Fee schedule for 2015

  • $2.08 per average number of covered lives for plan years that ended on or after Jan. 1, 2015, through Sept. 30, 2015
  • $2.17 per average number of covered lives for plan years that ended on or after Oct. 1, 2015, through Dec. 31, 2015

(The fee will not apply to policy or plan years that begin after Sept. 30, 2019.)

Overview of Two Fees

PCORI FAQ

Each covered entity must post the required notice and foreign language taglines or the anti-discrimination statement and top two foreign language taglines in the states in which the covered entity operates in a conspicuously visible font size in significant publications and communications, physical locations and the entity’s website, as identified by Section 1557 anti-discrimination regulations.

Anti-Discrimination Regulations

Assessed from 2013 to 2019, the fee funds research by the Patient-Centered Outcomes Research Institute (PCORI), which was established by the ACA to compare different medical treatments and interventions to determine what treatments are most effective.

For plan years that ended on or after Jan. 1, 2016, through Sept. 30, 2016, the fee is $2.17 per average number of covered lives.

(The fee will not apply to policy or plan years that begin after Sept. 30, 2019.)

PCORI Fee

Overview of Two Fees

PCORI FAQ

The following changes will take effect in 2016:

  • Anti-discrimination regulations established.
  • New cost-sharing levels have been established.
  • A uniform definition of habilitative services was adopted by HHS.
  • The first report filing outlined in regulations implementing Sections 6055 and 6056 of the Internal Revenue Code will be due.
  • Rates for the PCORI Fee have been set.
  • A new rate for the Reinsurance Assessment Fee has been established.

Regulations implementing Sections 6055 and 6056 of the Internal Revenue Code require employers to provide detailed information about their plan and enrollees. The first report is due in 2016 for the 2015 calendar year.

Section 6055 and 6056 reporting requirements

Covered entities must remove discriminatory exclusions from Plan Documents renewing on or after Jan. 1, 2017.

Anti-Discrimination Regulations

If a company’s health plan includes an annual or lifetime dollar maximum, the company must select a benchmark plan from one of the 51 EHB benchmark plans in a state or Washington, D.C., or in one of the three Federal Employee Health Benefit Programs that supports applying such dollar maximums for plan years on or after Jan. 1, 2017.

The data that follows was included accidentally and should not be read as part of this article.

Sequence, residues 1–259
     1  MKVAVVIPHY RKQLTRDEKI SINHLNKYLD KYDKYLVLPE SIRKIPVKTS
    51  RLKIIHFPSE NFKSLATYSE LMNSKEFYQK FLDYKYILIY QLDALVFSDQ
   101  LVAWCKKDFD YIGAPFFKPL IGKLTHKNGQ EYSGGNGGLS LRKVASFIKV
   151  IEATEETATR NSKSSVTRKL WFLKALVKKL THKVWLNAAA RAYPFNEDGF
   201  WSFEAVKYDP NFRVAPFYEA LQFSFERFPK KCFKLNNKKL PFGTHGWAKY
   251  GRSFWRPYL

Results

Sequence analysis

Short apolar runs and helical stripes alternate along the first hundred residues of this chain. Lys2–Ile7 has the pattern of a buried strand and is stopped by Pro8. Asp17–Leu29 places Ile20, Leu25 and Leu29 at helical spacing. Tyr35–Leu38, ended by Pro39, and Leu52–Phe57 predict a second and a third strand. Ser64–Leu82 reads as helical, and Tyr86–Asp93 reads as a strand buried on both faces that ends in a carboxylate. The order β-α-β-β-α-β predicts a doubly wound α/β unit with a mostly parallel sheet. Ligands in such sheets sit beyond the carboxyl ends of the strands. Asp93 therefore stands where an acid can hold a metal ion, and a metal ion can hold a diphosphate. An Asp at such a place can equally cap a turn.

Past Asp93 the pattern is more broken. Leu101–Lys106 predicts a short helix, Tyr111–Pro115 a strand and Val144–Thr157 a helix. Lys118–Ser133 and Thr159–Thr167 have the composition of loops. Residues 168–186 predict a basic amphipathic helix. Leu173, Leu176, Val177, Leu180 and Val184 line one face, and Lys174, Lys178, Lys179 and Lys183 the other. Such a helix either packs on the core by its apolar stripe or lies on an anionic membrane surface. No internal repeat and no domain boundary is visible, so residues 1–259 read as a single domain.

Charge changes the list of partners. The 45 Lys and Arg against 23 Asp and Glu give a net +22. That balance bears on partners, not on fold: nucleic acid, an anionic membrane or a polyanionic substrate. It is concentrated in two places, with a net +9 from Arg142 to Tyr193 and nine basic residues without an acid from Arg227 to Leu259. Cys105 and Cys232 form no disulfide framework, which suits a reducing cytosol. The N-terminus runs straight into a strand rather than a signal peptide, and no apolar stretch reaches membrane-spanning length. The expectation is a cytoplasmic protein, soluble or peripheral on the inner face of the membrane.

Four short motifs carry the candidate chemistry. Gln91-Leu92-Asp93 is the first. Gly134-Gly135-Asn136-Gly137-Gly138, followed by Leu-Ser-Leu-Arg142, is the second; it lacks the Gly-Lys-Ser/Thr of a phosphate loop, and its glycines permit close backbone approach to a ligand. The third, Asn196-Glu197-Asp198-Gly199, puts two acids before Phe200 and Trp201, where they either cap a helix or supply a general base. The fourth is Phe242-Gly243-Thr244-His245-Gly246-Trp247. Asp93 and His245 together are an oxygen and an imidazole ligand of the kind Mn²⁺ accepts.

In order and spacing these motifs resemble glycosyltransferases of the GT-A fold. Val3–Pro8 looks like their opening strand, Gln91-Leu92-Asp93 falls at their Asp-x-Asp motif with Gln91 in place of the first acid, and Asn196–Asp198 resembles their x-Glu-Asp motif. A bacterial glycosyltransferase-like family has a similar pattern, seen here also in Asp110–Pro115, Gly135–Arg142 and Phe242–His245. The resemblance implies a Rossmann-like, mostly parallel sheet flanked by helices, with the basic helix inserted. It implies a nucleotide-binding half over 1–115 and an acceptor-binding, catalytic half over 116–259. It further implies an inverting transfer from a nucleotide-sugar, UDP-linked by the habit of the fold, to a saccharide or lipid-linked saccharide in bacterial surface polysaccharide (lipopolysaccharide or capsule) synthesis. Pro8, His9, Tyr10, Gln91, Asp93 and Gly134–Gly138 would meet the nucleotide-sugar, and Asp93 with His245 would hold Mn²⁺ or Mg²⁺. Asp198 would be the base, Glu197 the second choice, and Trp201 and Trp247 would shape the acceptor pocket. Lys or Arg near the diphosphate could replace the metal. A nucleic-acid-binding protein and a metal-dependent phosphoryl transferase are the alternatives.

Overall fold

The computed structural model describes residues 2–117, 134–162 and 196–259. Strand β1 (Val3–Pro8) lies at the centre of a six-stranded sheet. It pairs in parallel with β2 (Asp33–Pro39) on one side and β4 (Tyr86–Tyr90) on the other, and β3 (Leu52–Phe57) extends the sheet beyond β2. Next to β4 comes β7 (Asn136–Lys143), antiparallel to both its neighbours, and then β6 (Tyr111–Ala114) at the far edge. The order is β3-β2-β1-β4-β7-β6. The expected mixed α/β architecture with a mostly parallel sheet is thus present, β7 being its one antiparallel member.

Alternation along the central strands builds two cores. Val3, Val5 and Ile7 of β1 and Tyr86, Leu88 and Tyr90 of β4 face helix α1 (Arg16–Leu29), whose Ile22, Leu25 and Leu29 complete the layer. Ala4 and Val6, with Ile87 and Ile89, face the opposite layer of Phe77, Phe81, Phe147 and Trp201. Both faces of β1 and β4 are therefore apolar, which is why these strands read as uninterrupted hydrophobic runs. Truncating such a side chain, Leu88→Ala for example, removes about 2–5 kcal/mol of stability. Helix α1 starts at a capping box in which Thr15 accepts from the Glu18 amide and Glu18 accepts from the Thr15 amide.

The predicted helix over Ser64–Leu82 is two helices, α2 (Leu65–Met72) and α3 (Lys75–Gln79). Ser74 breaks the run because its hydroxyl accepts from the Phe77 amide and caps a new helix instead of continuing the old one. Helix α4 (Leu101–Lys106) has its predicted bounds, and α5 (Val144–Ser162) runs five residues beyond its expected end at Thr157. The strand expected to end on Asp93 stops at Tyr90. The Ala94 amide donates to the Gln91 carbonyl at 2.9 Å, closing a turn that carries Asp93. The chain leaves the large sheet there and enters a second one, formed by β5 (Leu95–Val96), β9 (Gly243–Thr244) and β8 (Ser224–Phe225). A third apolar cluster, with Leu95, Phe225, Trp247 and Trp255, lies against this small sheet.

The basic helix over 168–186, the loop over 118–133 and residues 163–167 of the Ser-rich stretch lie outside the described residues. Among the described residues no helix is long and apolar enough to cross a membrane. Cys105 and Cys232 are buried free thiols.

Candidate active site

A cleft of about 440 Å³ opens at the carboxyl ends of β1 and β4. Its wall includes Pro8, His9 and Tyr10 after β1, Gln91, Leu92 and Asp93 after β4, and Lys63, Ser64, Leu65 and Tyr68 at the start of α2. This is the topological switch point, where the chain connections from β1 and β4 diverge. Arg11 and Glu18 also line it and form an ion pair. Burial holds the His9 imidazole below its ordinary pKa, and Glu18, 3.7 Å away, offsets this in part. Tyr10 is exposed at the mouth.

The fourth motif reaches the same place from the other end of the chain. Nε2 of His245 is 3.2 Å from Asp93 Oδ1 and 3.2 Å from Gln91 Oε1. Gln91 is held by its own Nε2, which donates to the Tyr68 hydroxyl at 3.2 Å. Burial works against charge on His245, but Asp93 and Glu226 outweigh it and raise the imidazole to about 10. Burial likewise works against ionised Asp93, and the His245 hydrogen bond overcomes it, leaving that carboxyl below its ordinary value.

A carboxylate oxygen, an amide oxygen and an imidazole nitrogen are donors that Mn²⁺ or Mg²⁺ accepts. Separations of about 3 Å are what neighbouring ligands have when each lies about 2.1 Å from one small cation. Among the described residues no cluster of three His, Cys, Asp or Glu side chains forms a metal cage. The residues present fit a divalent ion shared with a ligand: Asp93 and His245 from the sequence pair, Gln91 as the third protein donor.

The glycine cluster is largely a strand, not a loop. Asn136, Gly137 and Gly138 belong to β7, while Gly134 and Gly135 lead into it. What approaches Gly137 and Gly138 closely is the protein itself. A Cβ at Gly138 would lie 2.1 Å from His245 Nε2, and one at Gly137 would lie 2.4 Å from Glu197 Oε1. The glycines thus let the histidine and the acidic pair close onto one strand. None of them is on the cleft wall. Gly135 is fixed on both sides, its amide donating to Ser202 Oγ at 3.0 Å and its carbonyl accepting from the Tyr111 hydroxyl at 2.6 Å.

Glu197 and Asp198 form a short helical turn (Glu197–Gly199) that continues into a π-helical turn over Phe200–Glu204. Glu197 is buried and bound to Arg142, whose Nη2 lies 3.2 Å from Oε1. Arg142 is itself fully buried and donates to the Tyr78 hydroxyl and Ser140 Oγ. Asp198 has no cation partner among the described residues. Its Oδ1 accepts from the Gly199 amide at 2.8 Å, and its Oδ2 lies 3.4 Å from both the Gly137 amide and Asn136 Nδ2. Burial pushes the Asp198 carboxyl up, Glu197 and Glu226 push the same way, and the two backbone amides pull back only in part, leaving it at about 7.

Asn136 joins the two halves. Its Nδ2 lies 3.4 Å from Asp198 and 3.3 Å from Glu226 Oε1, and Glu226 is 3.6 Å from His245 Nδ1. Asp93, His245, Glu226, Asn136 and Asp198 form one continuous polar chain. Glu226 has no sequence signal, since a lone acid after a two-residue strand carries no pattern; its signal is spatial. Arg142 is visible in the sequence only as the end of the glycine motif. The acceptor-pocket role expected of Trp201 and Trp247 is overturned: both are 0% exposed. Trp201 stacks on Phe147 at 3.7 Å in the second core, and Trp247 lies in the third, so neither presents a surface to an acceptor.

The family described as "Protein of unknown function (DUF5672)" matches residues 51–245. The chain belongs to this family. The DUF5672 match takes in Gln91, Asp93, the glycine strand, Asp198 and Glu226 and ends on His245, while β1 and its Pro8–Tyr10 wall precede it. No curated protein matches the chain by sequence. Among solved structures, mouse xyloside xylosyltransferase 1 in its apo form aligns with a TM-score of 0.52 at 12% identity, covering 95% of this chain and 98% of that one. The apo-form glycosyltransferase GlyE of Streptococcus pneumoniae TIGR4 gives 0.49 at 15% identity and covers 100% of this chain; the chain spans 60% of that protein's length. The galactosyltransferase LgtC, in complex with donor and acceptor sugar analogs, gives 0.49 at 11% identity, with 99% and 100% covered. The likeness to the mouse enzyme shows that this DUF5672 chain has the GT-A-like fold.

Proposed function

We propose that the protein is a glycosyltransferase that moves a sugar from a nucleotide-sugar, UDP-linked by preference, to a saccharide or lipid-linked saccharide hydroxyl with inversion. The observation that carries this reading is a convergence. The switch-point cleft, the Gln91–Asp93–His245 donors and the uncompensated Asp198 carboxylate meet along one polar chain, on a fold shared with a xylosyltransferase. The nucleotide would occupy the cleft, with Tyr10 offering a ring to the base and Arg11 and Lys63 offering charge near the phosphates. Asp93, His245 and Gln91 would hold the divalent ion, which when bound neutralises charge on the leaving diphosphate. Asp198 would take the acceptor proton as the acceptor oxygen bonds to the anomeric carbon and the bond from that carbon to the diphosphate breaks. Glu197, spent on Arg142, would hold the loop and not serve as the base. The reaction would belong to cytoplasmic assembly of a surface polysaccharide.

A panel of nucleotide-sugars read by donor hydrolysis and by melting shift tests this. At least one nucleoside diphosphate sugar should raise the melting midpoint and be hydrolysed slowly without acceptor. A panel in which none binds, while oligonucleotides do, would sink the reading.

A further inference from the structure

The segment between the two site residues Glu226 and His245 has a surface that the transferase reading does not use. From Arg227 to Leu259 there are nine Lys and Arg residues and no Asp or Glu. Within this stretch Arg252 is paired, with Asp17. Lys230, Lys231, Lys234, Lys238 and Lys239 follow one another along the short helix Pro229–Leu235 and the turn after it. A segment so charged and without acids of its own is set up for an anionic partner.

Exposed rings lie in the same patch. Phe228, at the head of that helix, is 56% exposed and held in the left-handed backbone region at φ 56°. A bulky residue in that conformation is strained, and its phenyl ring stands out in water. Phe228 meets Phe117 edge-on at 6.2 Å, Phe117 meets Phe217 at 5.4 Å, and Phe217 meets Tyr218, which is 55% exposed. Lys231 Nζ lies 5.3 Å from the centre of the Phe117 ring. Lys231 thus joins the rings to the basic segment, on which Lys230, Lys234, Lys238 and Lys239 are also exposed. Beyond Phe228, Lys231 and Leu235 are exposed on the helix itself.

Benchmark Plan Election Rules

The Cadillac tax established by PPACA takes effect in 2020.

PPACA will impose a 40 percent excise tax on the cost of coverage of an employer-sponsored plan exceeding $10,200 for single coverage and $27,500 for family coverage.

Cadillac Tax

The Department of Health and Human Services has announced a delay in enforcing Health Plan Identifier (HPID) requirements. The announcement was made on Friday, Oct. 31, 2014. The new guidance delays enforcement of obtaining an HPID and use of an HPID in transactions until further notice.
Previously, self-funded health plans, excluding small health plans, were required to obtain a HPID by Nov. 5, 2014. Self-funded small health plans were required to obtain an HPID by Nov. 5, 2015. A health plan’s HPID was required to be used when the health plan is identified in a HIPAA standard transaction, beginning Nov. 7, 2016. (HIPAA defines a small health plan as one with annual receipts of $5 million or less.)

Health Plan Identifier (HPID) Requirements

HPID User Manual

HPID Quick Start

Text-only version from CMS website

The U.S. Department of Health and Human Services (HHS) published a proposed rule requiring all health plans to submit information and documentation demonstrating compliance with standards and operating rules for certain electronic transactions.

Controlling health plans that obtain a Health Plan Identifier (HPID)** on or after Jan. 1, 2015, and on or before Dec. 31, 2016 must meet the submission requirements for the first certification of compliance within 365 days of obtaining a HPID.


*Controlling health plans control their own business activities, actions or policies, or are controlled by an entity that is not a health plan.